Physalis peruviana is one of our least known but tastiest late summer fruits. I always eagerly anticipate the clean, tangy and juicy berries hiding inside a pretty, papery, bell-like coating.

And you’re right. I very rarely introduce a plant by its Latin name, even if that’s the only way of being sure you’re identifying it correctly.

Physalis peruviana has no universally recognised English version. Browse the catalogues and the commonest ones you’ll find are “Cape gooseberry”, “Goldenberry”, or “Inca berry”.

So, to avoid any doubt we’ll stick to the Latin here.

This is a vigorous, by and large disease-free plant that yields a generous tasty crop when there’s little other soft fruit around, so I can’t understand why it’s never taken off here.

A perennial in its New World home, it is frost sensitive so, here, must be grown as an annual and treated like tomatoes which are successfully grown in many parts of Scotland.

Several nurseries supply seed, which is easy to germinate and grow on, but I confess I haven’t had to buy any for years since a few always get going in the compost heap.

Sow, prick out and plant outdoors when there’s little chance of a late frost.

You may need to use a greenhouse in some parts of the country and this also guarantees a heavy crop during a dull grey summer, as is often our fate.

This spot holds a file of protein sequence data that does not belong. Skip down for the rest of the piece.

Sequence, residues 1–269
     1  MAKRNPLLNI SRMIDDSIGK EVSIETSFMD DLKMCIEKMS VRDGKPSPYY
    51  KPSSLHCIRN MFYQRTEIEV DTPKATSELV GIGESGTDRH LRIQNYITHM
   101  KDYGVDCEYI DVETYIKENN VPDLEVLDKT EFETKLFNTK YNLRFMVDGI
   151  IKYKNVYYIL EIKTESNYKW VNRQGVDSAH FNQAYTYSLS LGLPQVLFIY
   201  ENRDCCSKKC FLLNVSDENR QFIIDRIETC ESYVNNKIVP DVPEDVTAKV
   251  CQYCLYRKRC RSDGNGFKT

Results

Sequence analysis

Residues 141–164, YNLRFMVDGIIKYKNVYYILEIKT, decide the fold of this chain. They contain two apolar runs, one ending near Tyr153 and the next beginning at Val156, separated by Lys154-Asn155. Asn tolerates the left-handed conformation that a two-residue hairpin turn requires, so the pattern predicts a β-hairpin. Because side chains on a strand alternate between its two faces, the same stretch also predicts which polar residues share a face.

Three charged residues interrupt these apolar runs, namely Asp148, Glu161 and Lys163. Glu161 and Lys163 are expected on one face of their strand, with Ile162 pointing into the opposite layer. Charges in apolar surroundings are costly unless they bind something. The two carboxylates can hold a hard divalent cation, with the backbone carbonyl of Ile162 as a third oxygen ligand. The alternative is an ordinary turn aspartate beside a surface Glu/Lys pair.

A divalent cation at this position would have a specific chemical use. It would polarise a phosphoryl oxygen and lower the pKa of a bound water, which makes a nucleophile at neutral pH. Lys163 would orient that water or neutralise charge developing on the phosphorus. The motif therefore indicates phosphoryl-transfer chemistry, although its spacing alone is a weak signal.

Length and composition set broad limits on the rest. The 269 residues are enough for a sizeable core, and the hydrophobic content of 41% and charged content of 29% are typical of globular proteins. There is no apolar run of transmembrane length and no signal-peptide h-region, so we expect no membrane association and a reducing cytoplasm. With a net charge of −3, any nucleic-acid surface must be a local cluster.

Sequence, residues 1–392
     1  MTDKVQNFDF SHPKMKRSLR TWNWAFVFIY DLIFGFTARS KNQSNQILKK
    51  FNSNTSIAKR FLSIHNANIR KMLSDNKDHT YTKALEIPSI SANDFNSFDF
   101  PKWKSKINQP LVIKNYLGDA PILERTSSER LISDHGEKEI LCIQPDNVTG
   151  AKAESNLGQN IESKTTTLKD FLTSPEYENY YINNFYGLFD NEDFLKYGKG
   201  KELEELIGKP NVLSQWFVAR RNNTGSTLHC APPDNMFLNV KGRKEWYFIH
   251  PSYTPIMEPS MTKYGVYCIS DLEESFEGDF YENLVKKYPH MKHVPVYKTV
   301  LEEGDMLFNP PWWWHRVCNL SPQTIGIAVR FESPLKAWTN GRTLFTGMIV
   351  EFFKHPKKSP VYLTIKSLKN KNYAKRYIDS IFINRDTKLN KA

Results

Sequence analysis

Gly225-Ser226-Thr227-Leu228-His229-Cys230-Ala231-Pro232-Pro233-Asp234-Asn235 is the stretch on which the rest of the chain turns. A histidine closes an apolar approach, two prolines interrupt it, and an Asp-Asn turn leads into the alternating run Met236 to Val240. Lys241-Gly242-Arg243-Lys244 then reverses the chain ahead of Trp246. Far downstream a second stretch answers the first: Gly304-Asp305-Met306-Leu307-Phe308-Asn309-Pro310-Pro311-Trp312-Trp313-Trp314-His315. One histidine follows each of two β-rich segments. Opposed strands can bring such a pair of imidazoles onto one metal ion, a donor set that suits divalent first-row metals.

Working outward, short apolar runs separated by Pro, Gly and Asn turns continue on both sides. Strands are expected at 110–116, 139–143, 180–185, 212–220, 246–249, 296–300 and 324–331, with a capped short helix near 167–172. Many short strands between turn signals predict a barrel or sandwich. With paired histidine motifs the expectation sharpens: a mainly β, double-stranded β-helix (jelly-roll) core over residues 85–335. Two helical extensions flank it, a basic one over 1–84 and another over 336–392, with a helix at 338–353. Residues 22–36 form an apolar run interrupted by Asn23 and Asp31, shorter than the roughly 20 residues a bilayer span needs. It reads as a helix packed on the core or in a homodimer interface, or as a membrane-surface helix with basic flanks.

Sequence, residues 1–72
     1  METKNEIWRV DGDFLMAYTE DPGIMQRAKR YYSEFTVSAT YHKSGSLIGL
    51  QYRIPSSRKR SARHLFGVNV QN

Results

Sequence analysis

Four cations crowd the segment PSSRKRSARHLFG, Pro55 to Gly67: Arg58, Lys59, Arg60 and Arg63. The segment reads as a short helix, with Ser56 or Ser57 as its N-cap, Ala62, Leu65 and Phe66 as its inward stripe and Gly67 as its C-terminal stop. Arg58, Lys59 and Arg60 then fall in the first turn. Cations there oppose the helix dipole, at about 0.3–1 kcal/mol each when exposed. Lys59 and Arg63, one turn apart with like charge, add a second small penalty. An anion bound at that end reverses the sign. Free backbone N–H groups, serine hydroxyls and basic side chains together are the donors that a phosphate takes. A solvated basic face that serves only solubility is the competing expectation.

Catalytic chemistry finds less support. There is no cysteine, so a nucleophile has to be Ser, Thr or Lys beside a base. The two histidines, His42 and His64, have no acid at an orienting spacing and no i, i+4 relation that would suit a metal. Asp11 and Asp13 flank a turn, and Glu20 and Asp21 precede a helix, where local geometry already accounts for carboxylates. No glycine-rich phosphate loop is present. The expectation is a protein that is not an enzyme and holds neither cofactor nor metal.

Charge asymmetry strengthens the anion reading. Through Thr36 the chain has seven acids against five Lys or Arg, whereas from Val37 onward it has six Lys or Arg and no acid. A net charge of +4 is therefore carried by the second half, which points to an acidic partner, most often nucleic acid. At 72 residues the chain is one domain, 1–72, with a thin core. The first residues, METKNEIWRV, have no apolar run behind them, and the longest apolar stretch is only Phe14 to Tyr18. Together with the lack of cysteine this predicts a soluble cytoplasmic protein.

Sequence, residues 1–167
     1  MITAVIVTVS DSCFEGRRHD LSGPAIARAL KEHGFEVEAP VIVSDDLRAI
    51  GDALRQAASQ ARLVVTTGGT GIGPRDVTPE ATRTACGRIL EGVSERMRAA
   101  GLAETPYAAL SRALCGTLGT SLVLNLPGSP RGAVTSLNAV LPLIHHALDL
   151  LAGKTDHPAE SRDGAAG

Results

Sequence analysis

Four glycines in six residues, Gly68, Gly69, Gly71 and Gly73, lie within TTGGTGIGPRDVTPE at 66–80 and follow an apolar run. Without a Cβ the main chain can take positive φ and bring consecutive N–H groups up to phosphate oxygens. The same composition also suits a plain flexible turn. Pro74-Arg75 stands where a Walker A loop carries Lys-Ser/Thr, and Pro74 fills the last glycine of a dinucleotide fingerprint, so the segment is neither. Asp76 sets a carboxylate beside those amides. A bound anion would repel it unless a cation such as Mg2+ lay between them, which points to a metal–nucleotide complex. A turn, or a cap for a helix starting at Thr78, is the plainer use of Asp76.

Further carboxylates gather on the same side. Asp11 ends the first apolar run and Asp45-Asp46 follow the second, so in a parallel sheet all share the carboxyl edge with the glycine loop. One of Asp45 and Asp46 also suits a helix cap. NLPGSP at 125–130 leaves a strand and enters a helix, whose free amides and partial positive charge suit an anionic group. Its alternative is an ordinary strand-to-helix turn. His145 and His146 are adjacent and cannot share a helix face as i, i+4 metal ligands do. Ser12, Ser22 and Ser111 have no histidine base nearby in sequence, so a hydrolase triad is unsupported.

But at 200m, I can usually get a harvest from one grown in a sunny, sheltered corner against the south-facing wall of the house.

P. peruviana needs moderately fertile, well-drained soil or compost and must be kept well-watered: with a height and spread of 1.5m, it’s a thirsty plant.

I do recommend using a large 45 litre pot rather than the open ground since given half a chance it may grow more than you’d like.

However you grow it, physalis needs supports for the long arms it produces and from mid-August, you’ll be rewarded with a mass of beautiful papery bells, turning from green to a dry pinkish colour when they’re ready.

Keep an eye on the bush and pick off when the papery calyx is dry and usually drops easily into your hand.

Plant of the week

Salvia ’Nachtvlinder’ is a long flowering bushy sage with neat, green foliage that is blackcurrant scented. From summer into autumn dark purple flowers are borne on spikes above the foliage. Thrives best in well drained soil and sun where it will be evergreen except in hard winters.. Once established it is fairly drought proof.